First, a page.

County Official Resigns Amid LDC Probe

County Official Resigns Amid LDC Probe

Many people - in and outside of the county administration - are consulting lawyers.
A top Monroe County official has resigned amid an investigation into the county's use of local development corporations.

A county spokesman would not say why Chief Information Officer Nelson Rivera left his position. Nelson has hired an attorney. He was deeply involved in the county's contract with Upstate Telecommuncations Corp., one of two LDCs blasted in state comptroller audits. The other LDC is Monroe Security and Safety Systems.

The state Attorney General has been investigating the LDCs. A grand jury has been meeting since July. The audits found lax oversight, possible bid rigging and possible misuse of tax dollars. The county has maintained the nonprofit LDCs have given it more flexibility in borrowing and has saved taxpayers money.

"We don't really know what's going on because proceedings of the grand jury are secret," said Democratic County Legislator Paul Haney. "Many of us are waiting with bated breath for the day when they report."

No one knows who will be indicted, how many people will be indicted and when the indictments will be handed up. In the meantime, multiple sources say anyone who has done any work with the LDCs, both inside and outside the county administration, has talked to lawyers about representation if they get charged with wrongdoing.

"When people are hiring lawyers who are experienced in dealing with governmental investigators, it just leads one to believe that although all we see is smoke now that there's probably really some fire there," said Haney.

But some sources said people who don't believe they've done anything wrong are talking to lawyers because they're worried about an overzealous prosecution with an extended reach. They point to the failed prosecutions of former Deputy County Executive James Smith and Republican Party operative Andy Moore. Monroe County Executive Maggie Brooks has called the probe political.

Thursday morning, the Monroe County Water Authority board voted to hire a law firm with criminal expertise to advise it during the investigation. The authority had work done through the security LDC. At the time, Robert Wiesner was head of authority security. Wiesner is a former police captain and husband of Brooks. He has not been implicated in any wrongdoing, but sources say he is among those who have considered legal representation.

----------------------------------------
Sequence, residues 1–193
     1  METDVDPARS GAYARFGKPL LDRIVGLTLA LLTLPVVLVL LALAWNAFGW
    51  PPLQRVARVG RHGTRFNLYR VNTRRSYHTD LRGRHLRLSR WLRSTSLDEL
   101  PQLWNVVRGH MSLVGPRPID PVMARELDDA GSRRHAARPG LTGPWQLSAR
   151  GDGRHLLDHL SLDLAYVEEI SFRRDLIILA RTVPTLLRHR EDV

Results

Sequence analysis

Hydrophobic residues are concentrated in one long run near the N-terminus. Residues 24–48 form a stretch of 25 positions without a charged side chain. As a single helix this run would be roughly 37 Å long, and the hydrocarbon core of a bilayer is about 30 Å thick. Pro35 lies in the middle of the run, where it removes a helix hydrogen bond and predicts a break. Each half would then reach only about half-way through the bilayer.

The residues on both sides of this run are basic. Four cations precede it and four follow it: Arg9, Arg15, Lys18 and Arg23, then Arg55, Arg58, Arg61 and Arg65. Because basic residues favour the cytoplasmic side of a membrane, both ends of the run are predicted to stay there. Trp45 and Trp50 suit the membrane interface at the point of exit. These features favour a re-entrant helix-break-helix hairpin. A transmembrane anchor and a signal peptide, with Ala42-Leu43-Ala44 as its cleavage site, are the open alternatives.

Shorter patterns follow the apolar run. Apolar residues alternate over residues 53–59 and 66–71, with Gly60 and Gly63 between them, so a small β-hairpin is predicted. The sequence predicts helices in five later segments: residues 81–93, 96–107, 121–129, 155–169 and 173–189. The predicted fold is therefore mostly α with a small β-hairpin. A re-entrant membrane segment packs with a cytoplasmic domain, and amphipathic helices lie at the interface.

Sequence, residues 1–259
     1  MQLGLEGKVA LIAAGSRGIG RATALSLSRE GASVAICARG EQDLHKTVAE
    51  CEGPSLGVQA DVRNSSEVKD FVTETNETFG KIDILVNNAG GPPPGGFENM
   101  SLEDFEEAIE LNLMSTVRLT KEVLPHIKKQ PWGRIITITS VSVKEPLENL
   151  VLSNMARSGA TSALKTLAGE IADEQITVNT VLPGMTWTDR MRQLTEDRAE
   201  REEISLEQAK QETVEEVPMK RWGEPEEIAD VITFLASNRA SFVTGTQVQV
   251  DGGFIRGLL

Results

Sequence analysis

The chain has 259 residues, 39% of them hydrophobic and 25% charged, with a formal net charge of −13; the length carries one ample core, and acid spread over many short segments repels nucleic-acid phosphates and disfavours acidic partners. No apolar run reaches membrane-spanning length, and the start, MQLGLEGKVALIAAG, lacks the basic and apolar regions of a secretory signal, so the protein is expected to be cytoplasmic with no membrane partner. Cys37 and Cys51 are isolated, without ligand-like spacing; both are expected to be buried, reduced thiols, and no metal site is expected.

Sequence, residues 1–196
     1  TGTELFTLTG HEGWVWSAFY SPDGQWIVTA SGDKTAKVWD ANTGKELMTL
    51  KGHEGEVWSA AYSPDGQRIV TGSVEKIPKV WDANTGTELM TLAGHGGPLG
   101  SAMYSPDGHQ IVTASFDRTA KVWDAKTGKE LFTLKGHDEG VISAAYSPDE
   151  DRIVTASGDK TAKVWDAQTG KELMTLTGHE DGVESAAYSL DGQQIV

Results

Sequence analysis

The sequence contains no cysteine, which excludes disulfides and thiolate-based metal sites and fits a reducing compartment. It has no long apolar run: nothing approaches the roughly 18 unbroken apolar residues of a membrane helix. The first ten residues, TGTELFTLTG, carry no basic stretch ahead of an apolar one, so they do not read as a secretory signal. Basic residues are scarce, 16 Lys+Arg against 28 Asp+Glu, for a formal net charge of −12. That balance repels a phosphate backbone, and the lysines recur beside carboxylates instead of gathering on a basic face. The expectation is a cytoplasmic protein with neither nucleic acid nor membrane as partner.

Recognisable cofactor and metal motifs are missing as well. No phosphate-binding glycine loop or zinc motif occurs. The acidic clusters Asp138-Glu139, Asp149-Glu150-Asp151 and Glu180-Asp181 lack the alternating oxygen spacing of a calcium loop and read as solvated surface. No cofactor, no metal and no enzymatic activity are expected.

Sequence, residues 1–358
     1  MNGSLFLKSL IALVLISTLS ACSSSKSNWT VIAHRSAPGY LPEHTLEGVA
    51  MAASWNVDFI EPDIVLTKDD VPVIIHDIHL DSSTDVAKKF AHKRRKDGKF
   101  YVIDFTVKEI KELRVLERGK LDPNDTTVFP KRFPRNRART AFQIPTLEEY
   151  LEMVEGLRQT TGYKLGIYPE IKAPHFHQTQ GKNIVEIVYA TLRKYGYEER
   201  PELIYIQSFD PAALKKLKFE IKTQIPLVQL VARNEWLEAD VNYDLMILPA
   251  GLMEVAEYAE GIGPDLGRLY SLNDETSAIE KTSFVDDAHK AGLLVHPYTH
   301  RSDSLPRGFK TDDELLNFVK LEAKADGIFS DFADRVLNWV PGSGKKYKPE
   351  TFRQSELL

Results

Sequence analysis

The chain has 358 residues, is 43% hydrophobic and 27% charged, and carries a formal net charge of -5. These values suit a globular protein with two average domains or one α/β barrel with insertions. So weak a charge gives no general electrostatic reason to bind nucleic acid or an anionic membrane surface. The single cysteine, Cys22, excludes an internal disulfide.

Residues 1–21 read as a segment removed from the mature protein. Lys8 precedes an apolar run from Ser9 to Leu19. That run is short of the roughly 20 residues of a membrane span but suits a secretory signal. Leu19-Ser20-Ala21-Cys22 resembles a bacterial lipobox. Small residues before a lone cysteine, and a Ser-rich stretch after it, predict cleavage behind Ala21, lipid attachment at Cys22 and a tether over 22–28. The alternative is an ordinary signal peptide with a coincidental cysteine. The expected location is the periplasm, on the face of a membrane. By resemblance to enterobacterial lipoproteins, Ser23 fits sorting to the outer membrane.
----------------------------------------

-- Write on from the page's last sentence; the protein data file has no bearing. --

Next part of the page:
Water Authority Executive Director Nicholas Noce would not say if Wiesner has been targeted by investigators.

"I'm always concerned when there's an investigation of this sort but I believe that the water authority is in good shape," Noce said.

"I'm concerned about the fact Monroe County taxpayers are now paying the legal expenses, now ratepayers in Monroe County will be paying the legal expenses for this criminal investigation," said Carrie Andrews, Democratic Minority Leader on the county legislature.

Wiesner was not named in the comptroller's LDC audits. But other people were, including Dan Lynch, who reaped tens of thousands of dollars in consulting fees. The audits also mentioned former Deputy County Executive Richard Mackey and former county Chief Financial Officer Steve Gleason who did LDC work.

The boards of the LDCs in question met on Thursday morning. Hank Stuart chairs both. Sources say he has testified before the grand jury, but he would not confirm that when asked.

"Our board and our mangement consultants here have been complying to the full extent of the law with all of these investigations. We hope to have a satisfactory outcome soon," said Stuart.

When asked if he believes there has been any wrongdoing with either LDC, Staurt said, "In terms of what the board has been doing over the last several years, I don't see any actions that the board has done that has been incorrect or improper."

When asked if he's aware of improper actions by others, Stuart said, "I don't know anything about that."
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